Plutonic rocks are less likely than volcanic rocks to show a pronounced porphyritic texture, in which a first generation of large well-shaped crystals are embedded in a fine-grained ground-mass. The minerals of each have formed in a definite order, and each has had a period of crystallization that may be very distinct or may have coincided with or overlapped the period of formation of some of the other ingredients. Earlier crystals originated at a time when most of the rock was still liquid and are more or less perfect. Later crystals are less regular in shape because they were compelled to occupy the spaces left between the already-formed crystals. The former case is said to be idiomorphic (or automorphic); the latter is xenomorphic.

There are also many other characteristics that serve to distinguish plutonic from volcanic rock. For example, the alkali feldspar in plutonic rocks is typically orthoclase, while the higher-temperature polymorph, sanidine, is more common in volcanic rock. The same distinction holds for nepheline varieties. Leucite is common in lavas but very rare in plutonic rocks. Muscovite is confined to intrusions. These differences show the influence of the physical conditions under which crystallization takes place.[12]

Hypabyssal rocks show structures intermediate between those of extrusive and plutonic rocks. They are very commonly porphyritic, vitreous, and sometimes even vesicular. In fact, many of them are petrologically indistinguishable from lavas of similar composition.[12][7]


Main article: Igneous intrusion

Plutonic rocks form 7% of the Earth's current land surface.[13] Intrusions vary widely, from mountain-range-sized batholiths to thin veinlike fracture fillings of aplite or pegmatite.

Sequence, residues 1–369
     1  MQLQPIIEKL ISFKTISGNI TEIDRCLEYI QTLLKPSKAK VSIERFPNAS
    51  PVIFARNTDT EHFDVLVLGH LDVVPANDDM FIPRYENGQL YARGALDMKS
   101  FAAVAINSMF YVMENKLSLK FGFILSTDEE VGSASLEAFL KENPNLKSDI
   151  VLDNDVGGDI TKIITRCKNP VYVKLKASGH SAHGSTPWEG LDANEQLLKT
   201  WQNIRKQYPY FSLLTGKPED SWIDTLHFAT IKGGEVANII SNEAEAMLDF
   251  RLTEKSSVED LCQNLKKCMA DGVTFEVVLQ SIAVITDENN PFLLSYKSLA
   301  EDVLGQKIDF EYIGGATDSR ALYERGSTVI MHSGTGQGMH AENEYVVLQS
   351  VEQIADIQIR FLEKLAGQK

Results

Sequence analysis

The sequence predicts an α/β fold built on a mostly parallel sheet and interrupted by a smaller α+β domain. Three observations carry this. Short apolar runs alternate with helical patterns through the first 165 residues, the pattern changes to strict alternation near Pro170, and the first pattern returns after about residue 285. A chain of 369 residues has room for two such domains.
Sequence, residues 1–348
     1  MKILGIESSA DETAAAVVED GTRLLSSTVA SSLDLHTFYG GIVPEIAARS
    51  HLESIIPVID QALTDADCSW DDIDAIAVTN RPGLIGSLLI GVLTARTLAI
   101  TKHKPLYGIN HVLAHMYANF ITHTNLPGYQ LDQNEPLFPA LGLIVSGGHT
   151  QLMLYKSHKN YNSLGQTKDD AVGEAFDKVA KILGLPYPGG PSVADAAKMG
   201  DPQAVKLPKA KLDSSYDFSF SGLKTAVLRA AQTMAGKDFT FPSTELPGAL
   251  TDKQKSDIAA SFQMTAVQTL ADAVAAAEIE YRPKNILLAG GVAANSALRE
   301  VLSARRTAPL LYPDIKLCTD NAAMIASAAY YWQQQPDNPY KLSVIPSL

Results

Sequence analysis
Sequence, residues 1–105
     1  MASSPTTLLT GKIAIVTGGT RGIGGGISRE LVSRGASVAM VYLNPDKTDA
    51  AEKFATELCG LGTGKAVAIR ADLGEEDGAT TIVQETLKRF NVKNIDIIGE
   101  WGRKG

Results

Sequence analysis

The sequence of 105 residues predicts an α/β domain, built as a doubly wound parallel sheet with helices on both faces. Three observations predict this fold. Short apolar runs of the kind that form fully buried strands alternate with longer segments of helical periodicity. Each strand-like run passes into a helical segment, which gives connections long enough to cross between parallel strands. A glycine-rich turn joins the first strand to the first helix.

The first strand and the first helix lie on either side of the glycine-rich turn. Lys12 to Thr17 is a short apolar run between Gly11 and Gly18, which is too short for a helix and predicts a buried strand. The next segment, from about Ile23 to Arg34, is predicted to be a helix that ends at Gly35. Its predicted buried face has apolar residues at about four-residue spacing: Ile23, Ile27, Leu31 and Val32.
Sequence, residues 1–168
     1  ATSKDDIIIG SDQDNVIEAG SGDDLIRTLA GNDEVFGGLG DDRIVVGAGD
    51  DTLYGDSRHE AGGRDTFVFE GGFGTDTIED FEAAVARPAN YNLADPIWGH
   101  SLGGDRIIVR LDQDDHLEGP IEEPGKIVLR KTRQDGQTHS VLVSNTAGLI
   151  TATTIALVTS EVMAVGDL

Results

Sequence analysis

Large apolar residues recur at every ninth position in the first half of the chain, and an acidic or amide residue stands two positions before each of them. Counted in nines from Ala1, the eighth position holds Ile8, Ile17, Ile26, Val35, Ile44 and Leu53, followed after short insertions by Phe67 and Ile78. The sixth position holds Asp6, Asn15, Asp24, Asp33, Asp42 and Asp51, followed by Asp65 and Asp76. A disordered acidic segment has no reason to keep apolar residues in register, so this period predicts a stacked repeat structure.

Diagram showing various types of igneous intrusion
Dark dikes intruded into the country rock, Baranof Island, Alaska, United States

See also


  1. ^ Intrusive Rocks: Intrusive rocks, accessdate: March 27, 2017.
  2. ^ Igneous intrusive rocks: Igneous intrusive rocks Archived 2018-05-12 at the Wayback Machine, accessdate: March 27, 2017.
  3. ^ intrusive rock | geology |, accessdate: March 27, 2017.
  4. ^ a b Philpotts, Anthony R.; Ague, Jay J. (2009). Principles of igneous and metamorphic petrology (2nd ed.). Cambridge, UK: Cambridge University Press. p. 52. ISBN 9780521880060.
  5. ^ Le Bas, M. J.; Streckeisen, A. L. (1991). "The IUGS systematics of igneous rocks". Journal of the Geological Society. 148 (5): 825–833. Bibcode:1991JGSoc.148..825L. CiteSeerX doi:10.1144/gsjgs.148.5.0825. S2CID 28548230.
  6. ^ "Rock Classification Scheme - Vol 1 - Igneous" (PDF). British Geological Survey: Rock Classification Scheme. 1: 1–52. 1999.
  7. ^ a b Philpotts & Ague 2009, p. 139.
  8. ^ Blatt, Harvey; Tracy, Robert J. (1996). Petrology : igneous, sedimentary, and metamorphic (2nd ed.). New York: W.H. Freeman. pp. 12–13. ISBN 0716724383.
  9. ^ Philpotts & Ague 2009, p. 48.
  10. ^ Blatt & Tracy 1996, p. 44.
  11. ^ rocks and minerals: Geology - rocks and minerals, accessdate: March 28, 2017.
  12. ^ a b  One or more of the preceding sentences incorporates text from a publication now in the public domainFlett, John Smith (1911). "Petrology". In Chisholm, Hugh (ed.). Encyclopædia Britannica. Vol. 21 (11th ed.). Cambridge University Press. p. 327.
  13. ^ Wilkinson, Bruce H.; McElroy, Brandon J.; Kesler, Stephen E.; Peters, Shanan E.; Rothman, Edward D. (2008). "Global geologic maps are tectonic speedometers—Rates of rock cycling from area-age frequencies". Geological Society of America Bulletin. 121 (5–6): 760–779. doi:10.1130/B26457.1.